>
            • John Herrmann
              ... There s a close equivalent used for
              Message 6 of 18 , Apr 30, 2013
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                "Guenther P":
                >
                <http://www.ebay.com/itm/1873-Print-Spiral-Cutter-Vintage-Machine-Brainard-Milling-Hyde-Park-MA-Antique-/370804145175>


                There's a close equivalent used for woodworking. It's called a "legacy mill." I've had occasion to repair/improve one for some woodworker friends a couple of years ago. The machine is basically a long bed with head and tail stocks and a set of slide rods for a router. The router's "x" motion is coordinated to rotation of the spindle, so you can cut spirals, etc.
                <http://legacywoodworking.com/ornamentalMilling.cfm>

                My friends had the model 900 (msrp ~$1500), which may not be available any more.
                <http://legacywoodworking.com/modelcomparison.cfm>

                The only current model I could find was the "Evolution (~$3000).
                <http://legacywoodworking.com/products.cfm?product=306>


                - John Herrmann
              • Edgar
                John, you can do the same thing on a mill if you have a universal dividing head (it s always the really expensive one with a set of change gears and provision
                Message 7 of 18 , Apr 30, 2013
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                  John, you can do the same thing on a mill if you have a universal dividing head (it's always the really expensive one with a set of change gears and provision to gear it to the mill's "x" axis.

                  The rub is if this is all you have, you are limited in trying to cut a spiral gear. If you try to make one in a RF mill you will have to have an end mill with the flutes ground to an involute curve profile on the side. This will not be a cheap cutter and resharpening it will not be a straightforward task.

                  If you have a vertical mill on which the head can swing side to side you can then use a standard involute cutter. The drawback here is that you have a large cutter hanging out on a quill with support on only on one side.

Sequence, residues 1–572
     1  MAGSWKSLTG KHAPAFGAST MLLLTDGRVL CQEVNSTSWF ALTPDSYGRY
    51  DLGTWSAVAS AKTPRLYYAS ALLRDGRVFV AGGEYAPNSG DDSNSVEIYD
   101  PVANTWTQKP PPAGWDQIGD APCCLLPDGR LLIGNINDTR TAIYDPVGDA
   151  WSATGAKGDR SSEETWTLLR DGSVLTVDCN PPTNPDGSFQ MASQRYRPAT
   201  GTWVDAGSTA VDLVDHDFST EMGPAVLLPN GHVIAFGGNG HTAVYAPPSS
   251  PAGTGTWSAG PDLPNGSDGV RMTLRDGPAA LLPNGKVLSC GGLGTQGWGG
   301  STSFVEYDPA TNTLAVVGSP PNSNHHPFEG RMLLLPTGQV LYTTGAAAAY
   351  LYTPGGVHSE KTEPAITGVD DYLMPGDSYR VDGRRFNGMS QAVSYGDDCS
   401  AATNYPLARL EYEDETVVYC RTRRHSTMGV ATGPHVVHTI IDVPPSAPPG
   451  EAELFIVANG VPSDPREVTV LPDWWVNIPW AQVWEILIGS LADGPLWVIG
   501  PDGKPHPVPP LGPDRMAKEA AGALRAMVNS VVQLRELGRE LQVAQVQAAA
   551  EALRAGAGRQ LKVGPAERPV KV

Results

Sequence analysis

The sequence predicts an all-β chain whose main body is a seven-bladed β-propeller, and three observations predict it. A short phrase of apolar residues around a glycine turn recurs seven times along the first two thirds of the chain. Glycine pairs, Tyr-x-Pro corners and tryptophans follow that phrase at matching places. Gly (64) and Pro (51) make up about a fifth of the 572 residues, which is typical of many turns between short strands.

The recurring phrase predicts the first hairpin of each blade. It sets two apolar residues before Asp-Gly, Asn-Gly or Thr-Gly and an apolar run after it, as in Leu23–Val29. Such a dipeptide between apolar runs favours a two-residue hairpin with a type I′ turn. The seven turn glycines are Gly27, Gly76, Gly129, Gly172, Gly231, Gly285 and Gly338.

So if you want to cut spiral gears you really need a horizontal mill (or a horizontal milling attachment for your vertical mill), A universal dividing head w/ gear train (or a CNC control for the dividing head), and most importantly (and hardest to find) a mill that has a universal table (i.e. it can be swung side to side on its mount on the Y axis saddle). Note that CNC control of the X and Y axis won't eliminate the need for being able to swing the X axis so that the involute cutter is presented "square" to the spiral being cut and generate the correct tooth profile.

                  All this is the reason the Brainard attachment is so clever. If the base flange of the Brainard attachement was mounted on a wedge plate of the correct angle, you could then cut a correct spiral gear on a RF mill (where the RF's X and Z axis were locked and the cutter depth set by feeding the Y axis).

                  Orlin in SC/USA

                  --- In mill_drill@yahoogroups.com, "John Herrmann" <hman_mit@...> wrote:
                  >
                  >
                  >
                  > "Guenther P":
                  > >
                  > <http://www.ebay.com/itm/1873-Print-Spiral-Cutter-Vintage-Machine-Brainard-Milling-Hyde-Park-MA-Antique-/370804145175>
                  >
                  >
                  > There's a close equivalent used for woodworking. It's called a "legacy mill." I've had occasion to repair/improve one for some woodworker friends a couple of years ago. The machine is basically a long bed with head and tail stocks and a set of slide rods for a router. The router's "x" motion is coordinated to rotation of the spindle, so you can cut spirals, etc.
                  > <http://legacywoodworking.com/ornamentalMilling.cfm>
                  >
                  > My friends had the model 900 (msrp ~$1500), which may not be available any more.
                  > <http://legacywoodworking.com/modelcomparison.cfm>
                  >
                  > The only current model I could find was the "Evolution (~$3000).
                  > <http://legacywoodworking.com/products.cfm?product=306>
                  >
                  >
                  > - John Herrmann
                  >
                • Guenther Paul
                  I would call that a router lathe. I belong to a forum where several member have shop made router lathesGP ________________________________ From: John Herrmann
                  Message 8 of 18 , Apr 30, 2013
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                    I would call that a router lathe. I belong to a forum where several member have shop made router lathes
                    GP



                    From: John Herrmann <hman_mit@...>
                    To: mill_drill@yahoogroups.com
                    Sent: Tue, April 30, 2013 6:15:28 PM
                    Subject: [mill_drill] Re: For some of you that collect

                     



                    "Guenther P":

                    >
                    <http://www.ebay.com/itm/1873-Print-Spiral-Cutter-Vintage-Machine-Brainard-Milling-Hyde-Park-MA-Antique-/370804145175>

                    There's a close equivalent used for woodworking. It's called a "legacy mill." I've had occasion to repair/improve one for some woodworker friends a couple of years ago. The machine is basically a long bed with head and tail stocks and a set of slide rods for a router. The router's "x" motion is coordinated to rotation of the spindle, so you can cut spirals, etc.
                    <http://legacywoodworking.com/ornamentalMilling.cfm>

                    My friends had the model 900 (msrp ~$1500), which may not be available any more.
                    <http://legacywoodworking.com/modelcomparison.cfm>

                    The only current model I could find was the "Evolution (~$3000).
                    <http://legacywoodworking.com/products.cfm?product=306>

                    - John Herrmann